After nearly 50 years of providing veterinarian care in the Midwest, Dr. James Johnson is ready to trade in the late night phone calls, house visits, and long hours for more coffee time with his wife. Johnson, 73, will retire Dec. 31.
While pet owners across the peninsula will miss him, the feelings are mutual.
“My clients have been the most wonderful part of being a veterinarian,” Johnson said. “We’ve been blown away by the great people we’ve met in Door County.”
Like many of the clients he has helped, Johnson’s roots trace back to Illinois.
Johnson grew up in Chicago and attended Lane Tech College Prep High School, then an all-boys school with an enrollment he estimated to be around 5,500 students. During high school, he became interested in agriculture.
As a teenager, he ventured around northern Illinois to see if farmers were in need of help. He found work as a farmhand on a dairy farm in Crystal Lake, Illinois.
Johnson was the winner of an agricultural scholarship, which provided his tuition for his first two years of schooling. Early in college, he lived in an agricultural co-op founded by students after the Korean War.
“After about a year, I realized I wasn’t going to be a farmer…it wasn’t what I wanted to do,” he said. “I still wanted to be around rural people. I decided to concentrate on the veterinarian sciences and applied to vet school at the University of Illinois.”
While at the university, Johnson enlisted in the United States Army at the height of the Vietnam War and officially entered the Army in June of 1969. Following basic training, he was sent to the Walter Reed Army Institute of Research, just north of Washington, D.C.
During his time in the service, Johnson performed laboratory work that eventually brought him to St. Louis until his service ended in 1971.
Johnson was then ready to begin working with animals. He interned at a Chicago veterinarian hospital for one year before moving to work at a practice in Dundee, Illinois, for two more years. He then moved to Janesville, Wisconsin, in 1974 to open his own practice, remaining there for 25 years with his wife Patti Podgers and their children.
When their children left the nest, Patti suggested they head north to Door County, where they had vacationed for more than four decades.
“I was just elated by the idea,” Johnson said. “She was really familiar with northeastern Wisconsin and I thought that if worse comes to worst, I would commute to Green Bay.”
That’s what he ended up doing for eight years, until 2004, when he saw an ad for a used van that was equipped for veterinarian services, including an examination and surgery table. According to Johnson, he could perform 90 percent of routine vet services in the van. He took a plane down to Arkansas and drove the van up to Door County in a snowstorm.
Still commuting to Green Bay, Johnson began seeing patients in his van. On Saturdays, he would head to Washington Island to see clients.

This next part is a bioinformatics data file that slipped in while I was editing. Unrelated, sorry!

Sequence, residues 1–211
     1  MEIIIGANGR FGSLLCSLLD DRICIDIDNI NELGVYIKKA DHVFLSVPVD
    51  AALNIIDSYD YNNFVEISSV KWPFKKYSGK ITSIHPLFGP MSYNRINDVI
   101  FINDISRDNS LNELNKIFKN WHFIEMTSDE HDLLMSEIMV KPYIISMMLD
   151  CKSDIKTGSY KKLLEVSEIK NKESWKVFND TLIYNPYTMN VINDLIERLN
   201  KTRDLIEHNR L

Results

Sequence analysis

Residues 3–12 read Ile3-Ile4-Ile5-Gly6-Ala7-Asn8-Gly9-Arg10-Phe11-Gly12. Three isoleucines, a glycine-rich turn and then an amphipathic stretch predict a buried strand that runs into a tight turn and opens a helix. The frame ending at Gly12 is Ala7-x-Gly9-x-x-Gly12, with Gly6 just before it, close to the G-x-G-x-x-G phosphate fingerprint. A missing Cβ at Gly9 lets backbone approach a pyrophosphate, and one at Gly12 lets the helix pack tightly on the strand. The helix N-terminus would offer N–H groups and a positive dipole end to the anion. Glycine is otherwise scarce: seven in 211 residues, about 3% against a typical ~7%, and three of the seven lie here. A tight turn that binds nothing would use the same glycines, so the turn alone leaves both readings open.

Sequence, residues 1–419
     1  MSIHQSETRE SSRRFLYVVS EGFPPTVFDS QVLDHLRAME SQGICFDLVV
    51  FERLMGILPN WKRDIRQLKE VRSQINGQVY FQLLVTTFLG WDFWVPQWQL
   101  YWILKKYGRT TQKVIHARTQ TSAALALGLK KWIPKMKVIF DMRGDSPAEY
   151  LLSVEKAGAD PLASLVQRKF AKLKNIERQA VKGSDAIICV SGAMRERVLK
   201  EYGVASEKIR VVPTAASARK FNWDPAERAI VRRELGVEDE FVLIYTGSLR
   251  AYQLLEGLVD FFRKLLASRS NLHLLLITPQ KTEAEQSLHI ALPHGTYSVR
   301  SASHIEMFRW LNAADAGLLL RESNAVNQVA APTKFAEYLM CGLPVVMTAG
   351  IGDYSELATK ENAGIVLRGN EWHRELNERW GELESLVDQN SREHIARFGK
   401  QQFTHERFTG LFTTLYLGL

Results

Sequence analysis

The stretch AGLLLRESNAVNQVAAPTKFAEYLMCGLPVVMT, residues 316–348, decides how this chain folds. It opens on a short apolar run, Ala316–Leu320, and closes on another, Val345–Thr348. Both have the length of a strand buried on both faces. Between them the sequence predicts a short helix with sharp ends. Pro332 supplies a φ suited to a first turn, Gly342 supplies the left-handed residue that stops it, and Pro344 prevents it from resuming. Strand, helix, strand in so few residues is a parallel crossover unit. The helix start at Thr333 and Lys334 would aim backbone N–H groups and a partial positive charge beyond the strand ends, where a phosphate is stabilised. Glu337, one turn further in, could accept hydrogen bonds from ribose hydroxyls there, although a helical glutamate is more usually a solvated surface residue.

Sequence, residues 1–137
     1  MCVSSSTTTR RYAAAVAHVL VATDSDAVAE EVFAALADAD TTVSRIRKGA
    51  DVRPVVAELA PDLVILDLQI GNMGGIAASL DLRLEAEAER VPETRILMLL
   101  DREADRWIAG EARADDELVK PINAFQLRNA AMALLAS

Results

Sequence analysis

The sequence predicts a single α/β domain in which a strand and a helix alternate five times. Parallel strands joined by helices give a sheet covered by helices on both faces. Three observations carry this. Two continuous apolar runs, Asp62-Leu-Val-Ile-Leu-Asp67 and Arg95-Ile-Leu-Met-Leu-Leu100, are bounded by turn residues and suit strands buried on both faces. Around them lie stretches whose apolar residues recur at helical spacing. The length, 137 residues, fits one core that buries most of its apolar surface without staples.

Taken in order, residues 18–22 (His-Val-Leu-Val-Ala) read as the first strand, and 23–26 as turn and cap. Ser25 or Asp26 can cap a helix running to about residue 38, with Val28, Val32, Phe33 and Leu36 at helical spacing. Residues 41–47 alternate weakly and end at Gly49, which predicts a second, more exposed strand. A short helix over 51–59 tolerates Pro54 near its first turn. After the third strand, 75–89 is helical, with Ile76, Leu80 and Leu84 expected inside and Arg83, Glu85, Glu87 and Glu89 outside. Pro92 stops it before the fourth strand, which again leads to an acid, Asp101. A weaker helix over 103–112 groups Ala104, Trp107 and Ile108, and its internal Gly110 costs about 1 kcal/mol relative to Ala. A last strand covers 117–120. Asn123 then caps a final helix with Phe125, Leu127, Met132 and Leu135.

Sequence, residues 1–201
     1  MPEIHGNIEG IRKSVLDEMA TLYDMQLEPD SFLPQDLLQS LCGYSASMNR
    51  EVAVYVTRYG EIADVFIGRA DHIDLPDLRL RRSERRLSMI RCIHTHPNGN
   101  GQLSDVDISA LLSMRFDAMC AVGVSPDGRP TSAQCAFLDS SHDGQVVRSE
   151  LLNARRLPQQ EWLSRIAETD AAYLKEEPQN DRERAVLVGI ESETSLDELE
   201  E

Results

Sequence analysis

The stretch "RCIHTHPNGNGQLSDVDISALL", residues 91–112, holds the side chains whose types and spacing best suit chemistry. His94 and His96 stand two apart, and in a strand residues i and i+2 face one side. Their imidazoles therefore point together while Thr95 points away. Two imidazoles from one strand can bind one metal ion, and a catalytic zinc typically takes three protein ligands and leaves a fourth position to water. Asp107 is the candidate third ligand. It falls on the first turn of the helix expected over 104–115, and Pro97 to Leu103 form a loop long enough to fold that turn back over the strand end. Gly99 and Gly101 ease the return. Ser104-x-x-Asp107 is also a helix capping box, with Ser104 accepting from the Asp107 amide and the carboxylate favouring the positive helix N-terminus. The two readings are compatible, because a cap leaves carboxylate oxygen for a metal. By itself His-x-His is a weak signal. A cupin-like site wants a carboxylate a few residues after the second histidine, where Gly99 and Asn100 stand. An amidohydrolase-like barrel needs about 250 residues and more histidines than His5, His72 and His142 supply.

In 2007, Johnson officially struck out on his own after establishing a community of clients through his Pets-At-Home Mobile Vet Service. In addition to treating pets in his van, he made house calls with his truck.
“Most of the house call visits were centered around the fact that people had older or debilitated animals that needed to be put to sleep,” he said. “The idea of having the pet at home was a great comfort to the people and to the animals. It saved the animals the anxiety while being in a much more peaceful setting.”
Johnson’s compassion stretched beyond the pets and to the pet owners themselves, “treating people the way I would like to be treated and having concern for both people and their animals.” This proved true for his estimated 500 Door County clients.
Eileen True, a part-time resident of Sister Bay since 2007, called on Dr. Johnson to treat her cat and dog through the years. She saw in him, “compassion, patience and dedication mixed with being a skilled diagnostician and surgeon.”
“He taught us many tips, such as how to distract the dog by futzing with her floppy ears…while he gave vaccinations,” she said.
Through the years, Johnson has primarily cared for cats, dogs and “pocket pets” such as rabbits, gerbils and rats. He has also treated boa constrictors and, while living in Dundee, cared for an Asian leopard and a 40-pound lion cub whose purr “sounded like it was coming from a lot bigger lion,” he said.
Johnson appreciated both the good times and the challenges, even emergency calls in the middle of the night.
“They’re the best for the reason that people call because their animals are in trouble and they need treatment,” he said. “It gives you the most satisfaction in helping animals out in their time of need.”
For nearly half a century, Dr. Johnson has devoted his career to caring for animals. Although he’ll no longer treat animals, Johnson and his wife will enjoy retirement with Poppy, their half-Jack Russell Terrier, and a lifetime of memories.
True’s words speak for many.
“His gentle hands will be sorely missed.”